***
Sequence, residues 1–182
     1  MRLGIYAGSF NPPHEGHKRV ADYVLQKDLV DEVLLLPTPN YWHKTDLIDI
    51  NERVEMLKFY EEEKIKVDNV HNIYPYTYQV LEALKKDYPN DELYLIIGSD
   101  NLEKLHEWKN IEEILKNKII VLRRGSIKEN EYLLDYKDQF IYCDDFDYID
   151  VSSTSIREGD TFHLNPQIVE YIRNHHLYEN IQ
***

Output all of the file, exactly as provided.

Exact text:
Sequence, residues 1–182
     1  MRLGIYAGSF NPPHEGHKRV ADYVLQKDLV DEVLLLPTPN YWHKTDLIDI
    51  NERVEMLKFY EEEKIKVDNV HNIYPYTYQV LEALKKDYPN DELYLIIGSD
   101  NLEKLHEWKN IEEILKNKII VLRRGSIKEN EYLLDYKDQF IYCDDFDYID
   151  VSSTSIREGD TFHLNPQIVE YIRNHHLYEN IQ